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How To Rent With Bad Credit

How to Rent with Bad Credit.

Picture this: You find the most incredible apartment in the heart of your city. It’s like something out of your dreams: spacious, perfectly laid out, and with all the amenities you could ever want. You get so excited as you imagine yourself living there, but there’s just one problem. As you fill out the rental application, you come face to face with a harsh reality: your credit score is far from perfect. The landlord might as well have slammed the door in your face, because you’re trying to rent with bad credit.

With rental prices skyrocketing each year, it’s already hard enough to find an affordable place to live, and what’s even harder is trying to do that with a low credit score. To counter this, here are five invaluable tips that can help you rent with bad or very little credit.

5 Tips to Rent with Bad or Little Credit

Approach Private Lenders

Try taking a different approach to renting, and finding a landlord that doesn’t require credit. This means that they would evaluate your ability to pay rent using something else. For example, renting with a bad credit score will definitely be harder if you try to rent a place managed by a property management company, but if you find a private landlord, you may have a little more wiggle room.

In fact, there are some private landlords out there that only care about how much money you’re making. For example, if the monthly rent is $1,500, they will only accept someone that makes around $3,000, or anything around that range. Therefore, you could go search for a landlord who doesn’t care about your credit, or won’t ask you to pull your credit.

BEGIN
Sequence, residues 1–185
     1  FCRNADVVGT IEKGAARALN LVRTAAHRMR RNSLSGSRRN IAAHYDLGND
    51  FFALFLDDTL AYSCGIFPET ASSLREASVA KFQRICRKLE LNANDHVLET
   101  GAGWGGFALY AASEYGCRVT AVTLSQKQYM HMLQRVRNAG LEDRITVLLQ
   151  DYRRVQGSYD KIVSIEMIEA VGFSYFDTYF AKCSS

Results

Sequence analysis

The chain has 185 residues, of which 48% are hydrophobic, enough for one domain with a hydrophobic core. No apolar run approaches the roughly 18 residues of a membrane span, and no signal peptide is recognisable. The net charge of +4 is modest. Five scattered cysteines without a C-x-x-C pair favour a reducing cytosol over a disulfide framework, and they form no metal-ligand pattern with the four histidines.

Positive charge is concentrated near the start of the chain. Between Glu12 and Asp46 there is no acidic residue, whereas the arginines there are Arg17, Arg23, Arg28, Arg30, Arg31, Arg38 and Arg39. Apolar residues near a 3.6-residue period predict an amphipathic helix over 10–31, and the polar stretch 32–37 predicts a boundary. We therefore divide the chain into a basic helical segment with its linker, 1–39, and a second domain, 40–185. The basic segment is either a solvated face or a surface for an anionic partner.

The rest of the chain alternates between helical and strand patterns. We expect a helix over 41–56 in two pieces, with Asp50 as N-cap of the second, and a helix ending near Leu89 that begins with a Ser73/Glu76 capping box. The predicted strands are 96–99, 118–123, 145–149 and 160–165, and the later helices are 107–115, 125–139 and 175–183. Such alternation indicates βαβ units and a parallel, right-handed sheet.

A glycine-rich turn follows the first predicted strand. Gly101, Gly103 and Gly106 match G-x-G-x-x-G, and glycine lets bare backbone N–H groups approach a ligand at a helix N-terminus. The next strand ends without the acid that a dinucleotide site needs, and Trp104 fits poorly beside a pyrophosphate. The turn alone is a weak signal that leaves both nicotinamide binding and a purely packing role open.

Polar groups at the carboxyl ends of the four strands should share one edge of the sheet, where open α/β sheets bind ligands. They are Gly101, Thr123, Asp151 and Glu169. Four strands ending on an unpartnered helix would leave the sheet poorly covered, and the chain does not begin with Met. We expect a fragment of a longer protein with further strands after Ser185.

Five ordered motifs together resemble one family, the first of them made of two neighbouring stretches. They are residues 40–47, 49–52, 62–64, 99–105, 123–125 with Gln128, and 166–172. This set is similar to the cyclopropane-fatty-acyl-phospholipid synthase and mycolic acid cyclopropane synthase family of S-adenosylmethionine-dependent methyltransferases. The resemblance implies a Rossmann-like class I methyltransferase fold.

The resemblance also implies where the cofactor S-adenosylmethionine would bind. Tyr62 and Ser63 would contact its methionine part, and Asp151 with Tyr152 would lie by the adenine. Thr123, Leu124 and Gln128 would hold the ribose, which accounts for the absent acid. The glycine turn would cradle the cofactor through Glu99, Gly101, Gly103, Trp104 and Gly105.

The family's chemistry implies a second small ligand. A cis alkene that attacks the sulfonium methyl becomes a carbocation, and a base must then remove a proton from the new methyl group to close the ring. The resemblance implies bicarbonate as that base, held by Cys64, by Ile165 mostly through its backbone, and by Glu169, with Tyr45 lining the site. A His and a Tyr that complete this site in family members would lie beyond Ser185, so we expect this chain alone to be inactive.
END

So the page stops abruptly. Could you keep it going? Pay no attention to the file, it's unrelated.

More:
If you find someone like this, you still need to be cautious of scams and deals that sound too good to be true. Make sure that the landlord is legitimate by asking around the neighborhood, or requesting a tour of the apartment or house. Check the paperwork very carefully since some people do this to sell homes they don’t even own. If your credit is bad, then you’ve already had financial problems, and another problem like this is the last thing you need, so be cautious and patient.

Pay Higher Rent or Deposit

You could also offer to pay a slightly higher rent or a higher deposit to be accepted. You might be thinking that this is counterintuitive, as you’ve already had financial problems and now you’re going to pay more, but this may be a really good option for you if you’re struggling to rent due to a really bad credit score. For instance, if the landlord’s asking for $1,500, you could offer $1,700. Maybe if they’re asking for a $2,000 deposit, offer them a $2,500 deposit.

Most landlords will end up returning your security deposit to you as long as you haven’t broken any of the terms outlined in your lease agreement, so you’ve got nothing to lose by offering a higher deposit as long as you read the lease agreement well. This could also be very useful if you’ve never rented before, and have little credit history, which is as bad to landlords as having bad credit. Therefore, you need to save up some money before you decide to make that move.